With so many employers and organizations requiring proof of vaccination these days, it has some saying this is illegal, discriminatory, and a violation of human rights.
Simply put: they’re wrong.
Barrie 360 legal correspondent and senior associate at Barriston Law, Joshua Valler, says employers are well within their right to require proof of vaccination from employees. “Quite frankly, for an employer, it is totally within their discretion whether or not they want to impose a vaccination policy,” Valler told Barrie 360.
“That being said, there are also various other duties that an employer has, such as the duty to accommodate valid medical exemptions. They have a duty to accommodate someone’s religious beliefs or moral beliefs,” said Valler. “But they only have that duty up to the point of undue hardship. So, there’s a real balancing act as well: does the accommodation go too far? Or does it require too much from the employer? Because keep in mind, the employer does also have a corresponding obligation to its other employees to provide a safe work environment.”
Many proof of vaccination policies across multiple sectors do allow medical or religious exemption. Valler says those seeking an exemption on these grounds will have to substantiate their claim. “A valid medical exemption has to include a reference from a physician outlining why they can’t get the vaccine. For religious reasons, there’s probably going to be a corresponding obligation to provide proof that these are validly held religious beliefs, and that they’re not just personal beliefs.”
As of September 22, restaurants patrons may also be asked to provide proof of vaccination before a meal. While some may cry discrimination, Valler says it’s the law. “The legislation is quite clear for some industries right now, especially where there’s a high risk of transmission, that this is a requirement, that you are required to get proof of vaccination under the Reopening Ontario Act,” he said. “It’s putting some businesses in a tough spot where they want to serve their patrons that have been loyal through the last two years or a year and a half. But at the same time, they’re required to take that proof in order to operate without any sort of recourse or penalties.”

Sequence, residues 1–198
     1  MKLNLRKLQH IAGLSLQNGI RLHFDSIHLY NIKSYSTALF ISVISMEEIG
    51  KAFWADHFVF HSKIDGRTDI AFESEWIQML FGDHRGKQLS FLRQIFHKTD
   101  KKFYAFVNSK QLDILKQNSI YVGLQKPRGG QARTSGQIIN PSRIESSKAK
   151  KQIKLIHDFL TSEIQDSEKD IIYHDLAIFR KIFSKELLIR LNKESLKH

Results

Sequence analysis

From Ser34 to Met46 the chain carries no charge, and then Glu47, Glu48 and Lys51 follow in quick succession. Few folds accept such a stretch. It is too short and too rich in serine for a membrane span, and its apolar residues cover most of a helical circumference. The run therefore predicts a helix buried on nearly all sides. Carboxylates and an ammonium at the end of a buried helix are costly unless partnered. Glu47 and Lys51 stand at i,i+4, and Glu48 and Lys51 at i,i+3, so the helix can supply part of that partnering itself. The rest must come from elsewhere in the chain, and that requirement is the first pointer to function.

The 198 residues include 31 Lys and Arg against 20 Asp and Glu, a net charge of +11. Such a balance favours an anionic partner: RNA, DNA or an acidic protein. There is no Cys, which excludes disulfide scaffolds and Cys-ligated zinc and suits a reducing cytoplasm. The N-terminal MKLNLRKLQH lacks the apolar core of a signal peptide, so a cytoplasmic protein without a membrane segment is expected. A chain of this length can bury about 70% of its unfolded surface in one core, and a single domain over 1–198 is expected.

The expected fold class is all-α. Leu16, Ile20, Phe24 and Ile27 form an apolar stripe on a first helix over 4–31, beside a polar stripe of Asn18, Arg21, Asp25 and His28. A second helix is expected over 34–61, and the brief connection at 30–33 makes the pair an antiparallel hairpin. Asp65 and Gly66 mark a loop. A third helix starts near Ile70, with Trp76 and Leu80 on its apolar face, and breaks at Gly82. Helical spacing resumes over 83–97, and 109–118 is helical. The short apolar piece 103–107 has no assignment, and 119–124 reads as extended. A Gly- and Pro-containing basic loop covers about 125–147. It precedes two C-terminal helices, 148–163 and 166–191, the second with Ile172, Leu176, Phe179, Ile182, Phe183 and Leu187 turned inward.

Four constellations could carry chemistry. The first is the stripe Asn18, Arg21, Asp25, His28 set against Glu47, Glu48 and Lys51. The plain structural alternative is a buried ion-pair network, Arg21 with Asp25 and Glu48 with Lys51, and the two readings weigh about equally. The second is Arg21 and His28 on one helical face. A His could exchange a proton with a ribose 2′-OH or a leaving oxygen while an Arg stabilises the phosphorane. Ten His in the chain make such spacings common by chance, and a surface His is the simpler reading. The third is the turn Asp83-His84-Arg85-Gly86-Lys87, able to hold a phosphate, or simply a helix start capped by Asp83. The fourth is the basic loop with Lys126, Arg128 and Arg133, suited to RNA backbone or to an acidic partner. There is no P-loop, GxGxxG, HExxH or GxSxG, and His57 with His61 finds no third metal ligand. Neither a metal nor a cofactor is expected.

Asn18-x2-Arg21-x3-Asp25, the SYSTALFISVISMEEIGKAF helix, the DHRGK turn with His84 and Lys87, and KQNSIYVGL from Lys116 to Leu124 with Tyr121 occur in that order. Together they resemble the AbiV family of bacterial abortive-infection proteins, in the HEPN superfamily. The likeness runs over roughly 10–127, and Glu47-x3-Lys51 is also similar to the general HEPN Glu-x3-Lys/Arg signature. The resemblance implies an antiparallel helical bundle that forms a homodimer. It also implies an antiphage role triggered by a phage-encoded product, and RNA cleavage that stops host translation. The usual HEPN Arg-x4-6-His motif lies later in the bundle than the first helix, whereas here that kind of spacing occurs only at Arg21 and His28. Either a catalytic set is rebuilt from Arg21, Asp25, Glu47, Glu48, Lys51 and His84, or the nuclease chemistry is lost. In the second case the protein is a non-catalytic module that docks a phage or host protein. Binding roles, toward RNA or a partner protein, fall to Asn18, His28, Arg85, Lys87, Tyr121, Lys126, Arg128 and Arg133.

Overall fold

Valler says he expects some people will file complaints with the Human Rights Tribunal of Ontario but doesn’t foresee these claims getting very far. “I don’t know how successful those complaints will be in light of the science behind the efficacy of the vaccines, as well as the government mandates right now.”
After all is said and done, Valler says having a vaccine policy in place makes good business sense. “Having that policy in place is a lot more likely to save on the headaches if someone were to contract COVID at your workplace or at your organization and then commence a claim for negligence in that respect, if you can point towards a vaccination policy,” said Valler. “Employers and businesses have to weigh the risk of having one versus not having one, and the potential liability that comes from both.”
While there are those who say they’re uncomfortable with disclosing their medical history regardless of vaccine status, Valler points out public safety trumps personal privacy every single time. “When the Human Rights Tribunal or the Ontario Labour Relations Board were considering mandatory testing, privacy was ranked the lowest in comparison to safety for one’s coworkers,” said Valler. “When it comes to the overall safety of the general public, and coworkers, and patrons, it does rank lower than the actual safety itself.”
Beyond the legal ramifications of proof of vaccination, Simcoe-Muskoka’s medical officer of health, Dr. Charles Gardner, indicated folks should take into account the greater good. “It’s a balance of needs; essentially, the need of people to be protected from transmission from others and the need for work environments and public service environments to be safe, balanced with individual choice and free and informed consent.”
“We are responding to the pandemic of the century,” added Gardner. “We know that getting a very high immunization rate is necessary to control the pandemic to control what could otherwise be a very severe wave of COVID-19.”
“We think that it is important for the protection of those work environments, for the people that are there, and for the patrons as well, that there be in place vaccination policies that heavily encourage vaccination for those that work there, while also recognizing the Human Rights Code and recognizing the need to accommodate those with medical exemptions,” concluded Dr. Gardner.
As of September 22, proof of vaccination will be required at restaurants and bars (excluding outdoor patios, delivery, and takeout), nightclubs, meeting and event spaces, sports and fitness facilities, sporting events, casinos and other gaming centres, concerts, theatres, racing venues, indoor water park areas, and adult entertainment venues.
When the system launches, Ontarians will need their current vaccine receipt along with a photo ID to enter non-essential businesses. If you have a green photo OHIP card, you can download or print your receipts from the provincial government website. Those with a red and white health card can call the Provincial Vaccine Booking Line at 1-833-943-3900.